How to explore space from your desktop

How to explore space from your desktop
There has never been a better time to get involved in amateur astronomy

Half a century has passed since Yuri Gagarin ventured into orbit, and over 40 years since we landed on the moon, but since then, we've retreated. Space is too expensive to explore.

The space shuttle fleet is being retired to museums, and our only permanent orbital presence is limited to a handful of scientists. But while manned space exploration appears to have faltered, astronomy has exploded beyond all recognition.

We now know of nearly 600 planets orbiting alien suns, and have a small army of space telescopes at our command.

It's not just professional scientists making breakthroughs, either. Amateur astronomers and armchair enthusiasts also provide vital discoveries. Do we really need expensive manned space flight any more, or can we now discover the secrets of the universe from our PCs and back gardens?

"I actually had to classify the galaxy next to it - next to the strange thing I found," says Dutch schoolteacher Hanny van Arkel of the discovery that made her famous. Hanny's Voorwerp (the Dutch word for 'object') is an unusual patch of superheated gas close to a spiral galaxy in the constellation Leo Minor. It contains no stars, so where is the heat coming from? It seems to be a complete mystery, but it's one that could have been undiscovered for many more years if it weren't for the emerging field of citizen science.

"It's very light, very warm, and it doesn't have any stars, which apparently is exceptional," says van Arkel. "I thought, 'Wait, what was that?' So I clicked the back button and saw this strange, blue sort of cloud. It caught my eye because it was very blue and it had a strange form. It was nothing like the irregular galaxies I'd seen."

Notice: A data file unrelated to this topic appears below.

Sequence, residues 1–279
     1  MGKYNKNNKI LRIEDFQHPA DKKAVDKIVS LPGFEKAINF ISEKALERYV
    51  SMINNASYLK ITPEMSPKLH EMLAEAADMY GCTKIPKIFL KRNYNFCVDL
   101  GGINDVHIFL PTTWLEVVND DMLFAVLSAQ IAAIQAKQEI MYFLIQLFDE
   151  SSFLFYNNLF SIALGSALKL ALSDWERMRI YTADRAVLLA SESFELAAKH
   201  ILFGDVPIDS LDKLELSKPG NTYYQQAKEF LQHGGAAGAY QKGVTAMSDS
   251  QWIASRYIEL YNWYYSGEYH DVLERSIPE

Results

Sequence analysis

Van Arkel found the Voorwerp while classifying galaxies from her home in Holland as part of the Galaxy Zoo project. She contacted one of the astronomers on the project (known as Zookeepers), but neither he nor his colleagues knew what the Voorwerp was either.

In a demonstration of just how much private individuals can help science, time was booked on the Hubble Space Telescope to examine the Voorwerp in more detail. The team controlling Hubble receive around 10,000 requests for time each year, but van Arkel's discovery was so intriguing and important, it became one of only 3,500 requests to be granted.

Van Arkel's involvement in the Galaxy Zoo project was as unexpected as her discovery. "I have a passion for music," she says. "I play guitar, and Queen is one of the bands I like. Brian May is interested in astronomy and put an announcement on his website about a project called Galaxy Zoo. It looked very interesting and I thought: 'Well, I'll have a look.'"

Crowdsourced science

Galaxy zoo

Galaxy Zoo is much more than a simple project to get people interested in astronomy and science in general. It's also part of an attempt to help working scientists overcome a growing problem shared by many different areas of science, as physicist Chris Lintott explains.

"It's something strange that's been caused by an explosion in technology, in computing power, in the availability of cheap cameras and in bandwidth," he says. "I think for the first time in a long while, we almost have too much data. And I think that a lot of the science that happens in astronomy, in ecology [and] in climate science over the next decade will be driven by how creatively we can solve that problem."

Galaxy Zoo helps solve the problem of the mountain of data streaming down to Earth from dozens of space telescopes collecting data at various wavelengths. When it comes to pattern-matching, the average human brain is still far more accurate, faster and cheaper than even the best artificial neural network software. It was therefore logical to ask members of the public to log in and set to work classifying galaxies into groups to help create a full survey of captured galaxies.

Galaxy Zoo launched in 2007, with an initial one million images for people to classify. The team behind the site believed it would take two years for visitors to work through them all, but were very excited by the enthusiasm shown by armchair astronomers the world over. Within 27 hours, pictures of galaxies were being classified and re-classified at a rate of 70,000 an hour.